Belfast Telegraph

Lunch pot start-up BOL Foods takes ‘bold move’ to ditch dairy

Paul Brown set up BOL in 2015 following a 14-year stint at Innocent Drinks.

A former boss at Innocent Drinks is risking another financial hit to his soup and salad start-up by ditching dairy from the product range.

BOL Foods founder Paul Brown said his ethically-inspired move had proved a tough sell to investors because a similar decision to remove meat and fish had dealt a near £3 million blow to sales.

The 38-year-old, who set up BOL in 2015 following a 14-year stint at smoothie-maker Innocent, said he felt compelled to produce purely plant-based ready meals following concerns over the environmental damage of intensive animal farming.

It has been widely claimed that meat and dairy farming is exacerbating global warming by filling the atmosphere with dangerous levels of carbon dioxide.

Despite the ingredient shake-up, BOL is still on track to more than double sales to £10 million this year, as the firm eyes an international push into Ireland and France.

Speaking to the Press Association, Mr Brown said the financial impact of his decision to cut out dairy would “not be as drastic” because existing products were being redeveloped.

He said: “When we dropped meat and fish it was a case of dropping the recipes from market, so going to our customers and saying these recipes will no longer be available.

“This is why the sales dropped so drastically.

“Because we have had more time to plan this change, which we will be making at the start of the summer, all being well we won’t lose the space and lose the sales.

“I can’t afford to make another decision that halves the size of the business.”

BOL – pronounced “bowl” – employs 41 full and part-time workers and manufacturers its salads, vegetable pots and soups at sites in Leicestershire and Merseyside.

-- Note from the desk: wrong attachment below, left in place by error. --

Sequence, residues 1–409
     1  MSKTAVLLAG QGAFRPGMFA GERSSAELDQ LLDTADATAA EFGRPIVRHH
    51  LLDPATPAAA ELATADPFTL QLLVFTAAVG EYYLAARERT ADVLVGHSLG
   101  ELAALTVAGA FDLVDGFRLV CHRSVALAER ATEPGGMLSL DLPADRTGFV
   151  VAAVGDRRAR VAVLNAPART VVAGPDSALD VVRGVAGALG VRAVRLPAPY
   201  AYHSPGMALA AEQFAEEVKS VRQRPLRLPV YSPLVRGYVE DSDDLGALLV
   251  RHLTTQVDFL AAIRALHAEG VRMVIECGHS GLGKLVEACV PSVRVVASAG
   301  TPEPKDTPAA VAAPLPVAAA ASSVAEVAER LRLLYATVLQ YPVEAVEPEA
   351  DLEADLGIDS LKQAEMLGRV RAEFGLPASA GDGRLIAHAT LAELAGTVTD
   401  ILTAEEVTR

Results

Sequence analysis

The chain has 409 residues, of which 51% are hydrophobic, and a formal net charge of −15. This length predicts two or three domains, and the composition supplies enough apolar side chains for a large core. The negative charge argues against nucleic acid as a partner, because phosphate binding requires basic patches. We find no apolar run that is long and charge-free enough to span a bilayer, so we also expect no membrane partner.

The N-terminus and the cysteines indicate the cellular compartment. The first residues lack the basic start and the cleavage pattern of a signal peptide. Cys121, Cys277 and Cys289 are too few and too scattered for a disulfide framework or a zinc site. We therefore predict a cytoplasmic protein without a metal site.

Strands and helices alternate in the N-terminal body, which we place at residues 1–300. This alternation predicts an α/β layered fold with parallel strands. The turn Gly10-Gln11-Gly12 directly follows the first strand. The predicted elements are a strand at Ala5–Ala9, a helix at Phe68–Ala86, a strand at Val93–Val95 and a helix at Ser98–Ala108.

The decision to remove meat and fish from its product range caused sales to slump 23% to £4.8 million in 2017.

However, sales for the first quarter of this year are already three times higher than the year before, putting the firm in line to boost revenues by 110% in 2018.

The London-based firm is backed by more than 20 investors, including Innocent founders Richard Reed, Adam Balon and Jon Wright through their start-up fund JamJar Investments.

Mr Brown said his backers needed a lot of persuasion before agreeing that a dairy-free future was the right direction for the business.

He said: “In year two we were getting up to £6 million in retail sales and we won National New Business of the Year – things were going pretty good.

“So for me to then tear up the rule book and say ‘Sorry, guys, I don’t want to part of this massive problem for our generation, there is going to be some bold moves, short-term risk, and a massive downturn in sales, but we can rise out and make ourselves stronger for the future’…

“In the end everyone has backed it, but it has not been complete plain sailing.”

He said the brand would roll out at least 11 new recipes across its product range this year, as he looks to make significant inroads into the UK’s £3.9 billion ready-meals market.

Mr Brown was food commercial director of Innocent, until the firm called time on its veg and noodle pot range in March 2015.

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